Hurts Stay with You
Yesterday I shared the story of my own job loss. The lengthy post describes the lead-up and let down of the job loss and unemployment. I put the dates in the post, 1987.
Hurts stay when you don’t expect the hurt
What I never said was that though we worked for the same company since 1981, the whole transfer and job loss happened in a 9 month time period.
We moved down in mid-November 1986 and returned home to live with my in-laws in early August 1987. In the middle, our youngest son, Dan, was born.
Losing a job hurts
I remember those 9 months and the period following it like it was yesterday. People lose jobs who have had them for 5, 10, 15, 20, or even 30 years.
I had the job for 9 months. The transfer planning itself was almost longer in the making. I can’t remember when our owner/developer first mentioned the Naperville project, but:
- I can remember going to dinner with the owner and my husband at Michael’s Supper Club to discuss the project. I was still pregnant with Tim, our first son then. He was born in March 1986.
- I can remember taking Tim on his first road trip in June 1986 to Naperville via Milwaukee to meet with the owner and then see the city and the site.
- I can remember going over the site plans, blueprints, and specification book for the new project.
- I can remember interviewing our replacement and making moving plans.
- I can remember the hopes, the prayers, the plans that went into moving 5 hours away from Wausau and our support system.
The hurts stay with you if you only lose one job
And even more, I can still remember the hurts of the only job loss I have ever had. A job that lasted 9 months.
Am I unusual? I don’t think so. I think many people remember the hurts of job loss and struggle with the hurt of it when they are in the process of trying to find a new position. They may find family members dealing with the issues in different ways than they would like.
My job loss shaped my future.
I went a different path than many people by moving toward self-employment and facing all of the feast and famine issues that a choice to work for yourself creates. Losing that job created the opportunity to be the resource for others who have lost theirs or for those people who are confused by job search. When I lost that job, I revitalized Design Resumes.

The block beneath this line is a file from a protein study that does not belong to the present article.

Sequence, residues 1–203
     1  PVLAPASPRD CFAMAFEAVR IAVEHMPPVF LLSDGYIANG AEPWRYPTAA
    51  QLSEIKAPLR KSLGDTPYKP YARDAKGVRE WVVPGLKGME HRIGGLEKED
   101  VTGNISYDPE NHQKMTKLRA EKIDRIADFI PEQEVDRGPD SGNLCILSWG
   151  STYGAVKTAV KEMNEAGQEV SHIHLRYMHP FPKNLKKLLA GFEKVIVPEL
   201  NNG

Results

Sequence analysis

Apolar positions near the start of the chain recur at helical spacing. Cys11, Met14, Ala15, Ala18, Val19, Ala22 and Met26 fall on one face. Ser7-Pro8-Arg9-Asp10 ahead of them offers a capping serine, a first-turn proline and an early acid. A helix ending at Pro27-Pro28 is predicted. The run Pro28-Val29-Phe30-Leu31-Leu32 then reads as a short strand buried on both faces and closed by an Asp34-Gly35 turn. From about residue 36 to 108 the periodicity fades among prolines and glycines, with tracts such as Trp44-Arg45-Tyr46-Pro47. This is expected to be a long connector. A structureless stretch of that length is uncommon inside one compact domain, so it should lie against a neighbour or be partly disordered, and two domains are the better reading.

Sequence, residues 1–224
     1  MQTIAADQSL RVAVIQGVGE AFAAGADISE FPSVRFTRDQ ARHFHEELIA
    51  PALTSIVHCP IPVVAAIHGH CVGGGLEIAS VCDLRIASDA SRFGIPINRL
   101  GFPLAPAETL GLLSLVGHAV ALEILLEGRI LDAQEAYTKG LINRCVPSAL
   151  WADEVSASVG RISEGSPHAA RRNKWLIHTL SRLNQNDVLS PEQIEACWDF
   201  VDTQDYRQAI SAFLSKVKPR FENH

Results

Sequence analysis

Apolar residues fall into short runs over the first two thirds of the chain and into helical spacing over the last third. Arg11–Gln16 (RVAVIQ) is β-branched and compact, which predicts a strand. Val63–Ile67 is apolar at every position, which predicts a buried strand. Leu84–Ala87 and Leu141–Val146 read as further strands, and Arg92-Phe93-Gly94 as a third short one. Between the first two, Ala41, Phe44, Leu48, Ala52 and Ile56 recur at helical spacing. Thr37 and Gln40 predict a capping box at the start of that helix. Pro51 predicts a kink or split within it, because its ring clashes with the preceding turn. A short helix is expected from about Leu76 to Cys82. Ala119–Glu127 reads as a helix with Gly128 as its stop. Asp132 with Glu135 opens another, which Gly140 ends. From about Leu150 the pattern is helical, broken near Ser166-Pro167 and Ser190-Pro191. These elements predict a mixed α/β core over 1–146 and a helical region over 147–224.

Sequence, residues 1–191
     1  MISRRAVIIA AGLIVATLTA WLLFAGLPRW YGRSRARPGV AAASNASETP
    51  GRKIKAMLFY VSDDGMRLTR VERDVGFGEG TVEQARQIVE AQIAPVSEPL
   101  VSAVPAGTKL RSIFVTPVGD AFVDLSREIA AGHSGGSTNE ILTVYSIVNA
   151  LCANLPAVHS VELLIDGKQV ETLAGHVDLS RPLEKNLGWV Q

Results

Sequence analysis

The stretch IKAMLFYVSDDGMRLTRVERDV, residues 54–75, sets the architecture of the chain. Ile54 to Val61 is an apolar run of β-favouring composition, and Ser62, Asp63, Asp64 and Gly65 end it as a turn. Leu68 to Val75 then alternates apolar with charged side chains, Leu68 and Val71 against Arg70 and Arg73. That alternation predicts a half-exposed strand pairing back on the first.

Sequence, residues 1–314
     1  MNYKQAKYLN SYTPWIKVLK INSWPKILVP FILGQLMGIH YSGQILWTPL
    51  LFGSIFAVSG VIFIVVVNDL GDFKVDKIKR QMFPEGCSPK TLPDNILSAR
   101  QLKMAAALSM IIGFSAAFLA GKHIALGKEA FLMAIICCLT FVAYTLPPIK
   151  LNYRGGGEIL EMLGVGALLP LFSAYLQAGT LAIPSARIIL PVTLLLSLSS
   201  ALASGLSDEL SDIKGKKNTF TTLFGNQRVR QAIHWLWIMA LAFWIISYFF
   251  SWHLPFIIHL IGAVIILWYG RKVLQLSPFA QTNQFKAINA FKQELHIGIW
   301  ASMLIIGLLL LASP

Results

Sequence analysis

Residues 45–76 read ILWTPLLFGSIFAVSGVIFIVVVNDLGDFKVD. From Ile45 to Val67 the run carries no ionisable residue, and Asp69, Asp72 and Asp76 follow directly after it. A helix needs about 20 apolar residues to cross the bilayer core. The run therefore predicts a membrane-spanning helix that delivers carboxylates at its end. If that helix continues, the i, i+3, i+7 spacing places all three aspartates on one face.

Do I still remember the loss?
Of course! Is there still hurt there? Sure! But I moved on. I had to.
Job seekers need to accept that it hurts. It does. Denying that you are hurt doesn’t help you deal with it. Let yourself say it hurts. But from there, you have to look forward. I know it is hard.Looking back, the loss shaped me but it didn’t ruin me or destroy me.
How do you get past the hurt?
You have to acknowledge the pain and focus on forward. One step at a time.
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Getting past the hurt is tough. I’ve had two such losses. You know, the completely unexpected kind where you knew you were doing a great job and yet it ended unexpectedly.
I liken it to fixing up an old car, then having to let it go. You see it around town and remember your part in making it what it is, but you can never again get behind its wheel to drive.
So, it’s on to the next fixer-upper. Maybe this time I’ll install LoJack 😉
Thank you, Michael! You will do fine. But being proactive in your job search is critical and I know you are doing that too.
You made me laugh! LoJack… huh?
On a very positive note, yesterday I got e-mails from two clients who are both re-employed now. One said this among other things: “After 21 months of searching, God provided. I received a letter several weeks ago stating that my unemployment would run out August 28th. I was offered the job August 30th. God is so good.”